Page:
9 Grammatical Pitfalls


[mag-net-ik] /mægˈnɛt ɪk/
of or relating to a magnet or magnetism.
having the properties of a magnet.
capable of being magnetized or attracted by a magnet.
pertaining to the magnetic field of the earth:
the magnetic equator.
exerting a strong attractive power or charm:
a magnetic personality.
noting or pertaining to various bearings and measurements as indicated by a magnetic compass:
magnetic amplitude; magnetic course; magnetic meridian.
Origin of magnetic
1625-35; < Late Latin magnēticus. See magnet, -ic
Related forms
magnetically, adverb
nonmagnetic, adjective
nonmagnetical, adjective
nonmagnetically, adverb
overmagnetic, adjective
overmagnetically, adverb
semimagnetic, adjective
semimagnetical, adjective
semimagnetically, adverb
unmagnetic, adjective
unmagnetical, adjective
5. persuasive, charismatic, captivating. Unabridged
Based on the Random House Dictionary, © Random House, Inc. 2015.
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Examples from the web for magnetic
  • When placed in a magnetic field, the bar magnets quickly pivot, so they are parallel with the field.
  • The bad news is that studs and chicks are not magnetic.
  • As a result, the sum total of all the domains gives the piece a zero magnetic moment.
  • When the wheel spins, the magnetic field causes a current to run in copper wires inside the lamp housing.
  • Could also be interference from something magnetic nearby-- speakers are a common problem.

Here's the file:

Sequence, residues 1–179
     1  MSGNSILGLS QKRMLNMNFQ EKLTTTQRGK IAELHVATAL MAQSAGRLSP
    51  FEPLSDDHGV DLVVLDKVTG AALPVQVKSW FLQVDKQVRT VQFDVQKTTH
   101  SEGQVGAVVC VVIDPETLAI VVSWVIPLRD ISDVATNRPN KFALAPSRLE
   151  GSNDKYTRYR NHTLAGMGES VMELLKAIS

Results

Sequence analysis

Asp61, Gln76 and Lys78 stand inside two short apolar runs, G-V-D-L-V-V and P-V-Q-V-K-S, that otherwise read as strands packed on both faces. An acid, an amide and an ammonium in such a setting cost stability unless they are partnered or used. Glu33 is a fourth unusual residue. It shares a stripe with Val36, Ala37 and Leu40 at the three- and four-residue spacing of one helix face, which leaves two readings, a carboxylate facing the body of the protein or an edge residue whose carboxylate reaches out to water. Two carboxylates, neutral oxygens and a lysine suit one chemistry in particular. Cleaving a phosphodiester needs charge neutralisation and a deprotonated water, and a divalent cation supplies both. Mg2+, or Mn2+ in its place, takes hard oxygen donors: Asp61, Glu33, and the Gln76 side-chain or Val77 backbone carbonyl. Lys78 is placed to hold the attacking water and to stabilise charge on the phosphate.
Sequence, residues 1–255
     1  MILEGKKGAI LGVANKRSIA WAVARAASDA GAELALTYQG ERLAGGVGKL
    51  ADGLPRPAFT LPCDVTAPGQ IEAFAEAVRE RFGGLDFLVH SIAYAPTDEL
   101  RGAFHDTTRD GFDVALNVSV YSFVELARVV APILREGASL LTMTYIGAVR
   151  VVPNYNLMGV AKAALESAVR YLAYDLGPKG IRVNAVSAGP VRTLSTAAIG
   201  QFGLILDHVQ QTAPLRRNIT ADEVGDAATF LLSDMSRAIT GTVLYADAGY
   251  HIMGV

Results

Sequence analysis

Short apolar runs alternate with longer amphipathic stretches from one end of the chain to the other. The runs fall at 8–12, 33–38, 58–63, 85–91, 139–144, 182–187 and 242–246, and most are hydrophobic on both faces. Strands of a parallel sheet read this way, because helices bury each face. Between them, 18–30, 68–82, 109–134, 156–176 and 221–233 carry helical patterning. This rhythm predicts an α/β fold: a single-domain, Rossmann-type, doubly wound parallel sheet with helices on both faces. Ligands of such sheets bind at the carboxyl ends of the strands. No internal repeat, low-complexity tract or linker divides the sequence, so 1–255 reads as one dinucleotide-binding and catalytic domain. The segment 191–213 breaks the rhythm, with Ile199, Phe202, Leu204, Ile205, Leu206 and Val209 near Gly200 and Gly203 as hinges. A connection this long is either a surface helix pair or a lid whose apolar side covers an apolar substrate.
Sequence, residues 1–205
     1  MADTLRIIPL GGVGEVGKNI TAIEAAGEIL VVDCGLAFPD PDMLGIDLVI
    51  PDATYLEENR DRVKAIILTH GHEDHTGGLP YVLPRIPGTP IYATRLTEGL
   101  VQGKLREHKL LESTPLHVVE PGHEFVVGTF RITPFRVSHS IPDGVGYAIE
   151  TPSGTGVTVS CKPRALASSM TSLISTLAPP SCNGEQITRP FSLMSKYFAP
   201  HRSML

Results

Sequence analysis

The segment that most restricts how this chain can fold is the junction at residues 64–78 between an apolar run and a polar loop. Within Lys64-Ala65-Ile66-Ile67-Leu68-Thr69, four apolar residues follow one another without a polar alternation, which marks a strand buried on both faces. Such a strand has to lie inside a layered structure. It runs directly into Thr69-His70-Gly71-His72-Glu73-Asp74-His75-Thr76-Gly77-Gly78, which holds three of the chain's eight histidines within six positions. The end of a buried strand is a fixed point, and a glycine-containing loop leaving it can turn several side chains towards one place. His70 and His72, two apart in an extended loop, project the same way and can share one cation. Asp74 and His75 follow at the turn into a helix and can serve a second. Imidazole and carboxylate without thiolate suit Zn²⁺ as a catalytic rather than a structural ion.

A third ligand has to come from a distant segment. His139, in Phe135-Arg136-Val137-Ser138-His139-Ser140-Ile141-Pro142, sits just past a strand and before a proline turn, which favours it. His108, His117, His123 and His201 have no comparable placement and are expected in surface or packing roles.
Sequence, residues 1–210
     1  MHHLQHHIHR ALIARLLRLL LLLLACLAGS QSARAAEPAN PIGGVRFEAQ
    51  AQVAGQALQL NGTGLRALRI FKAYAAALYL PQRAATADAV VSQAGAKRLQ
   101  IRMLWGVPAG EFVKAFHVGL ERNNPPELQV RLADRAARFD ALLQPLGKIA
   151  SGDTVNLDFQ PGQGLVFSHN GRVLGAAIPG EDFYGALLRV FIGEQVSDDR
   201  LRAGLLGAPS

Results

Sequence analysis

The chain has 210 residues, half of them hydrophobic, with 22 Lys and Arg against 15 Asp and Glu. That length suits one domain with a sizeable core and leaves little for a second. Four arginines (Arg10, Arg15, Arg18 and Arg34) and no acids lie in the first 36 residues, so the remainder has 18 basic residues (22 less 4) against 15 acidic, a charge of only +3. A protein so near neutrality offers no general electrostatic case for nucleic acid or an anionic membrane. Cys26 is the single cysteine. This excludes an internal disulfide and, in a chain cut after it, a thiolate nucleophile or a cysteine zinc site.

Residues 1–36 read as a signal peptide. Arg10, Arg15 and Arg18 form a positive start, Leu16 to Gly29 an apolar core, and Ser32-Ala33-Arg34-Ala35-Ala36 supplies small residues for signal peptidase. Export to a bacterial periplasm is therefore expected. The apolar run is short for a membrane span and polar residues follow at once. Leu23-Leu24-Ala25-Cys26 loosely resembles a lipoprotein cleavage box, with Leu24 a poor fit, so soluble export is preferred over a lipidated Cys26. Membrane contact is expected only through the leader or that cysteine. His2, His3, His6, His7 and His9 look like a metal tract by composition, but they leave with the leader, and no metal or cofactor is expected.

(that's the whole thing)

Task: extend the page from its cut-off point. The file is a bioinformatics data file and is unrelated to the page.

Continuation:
• It has this magnetic pull that doesn't let you want to leave.
  • In the second stage, the cooled atoms are transferred to a magnetic trap.
  • The magnetic trap can hold onto particles that have magnetic properties similar to those of a tiny bar magnet.
  • One of the key questions the mission will tackle is the mystery of its magnetic field.
  • The magnetic field from the field winding turns with the generator rotor.
British Dictionary definitions for magnetic


of, producing, or operated by means of magnetism
of or concerned with a magnet
of or concerned with the magnetism of the earth: the magnetic equator
capable of being magnetized
exerting a powerful attraction: a magnetic personality
Derived Forms
magnetically, adverb
Collins English Dictionary - Complete & Unabridged 2012 Digital Edition
© William Collins Sons & Co. Ltd. 1979, 1986 © HarperCollins
Publishers 1998, 2000, 2003, 2005, 2006, 2007, 2009, 2012
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Word Origin and History for magnetic

1610s, literal; 1630s, figurative, from Modern Latin magneticus, from Latin magnes (see magnet).

Online Etymology Dictionary, © 2010 Douglas Harper
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magnetic in Science
Producing, caused by, or making use of magnetic fields.
The American Heritage® Science Dictionary
Copyright © 2002. Published by Houghton Mifflin. All rights reserved.
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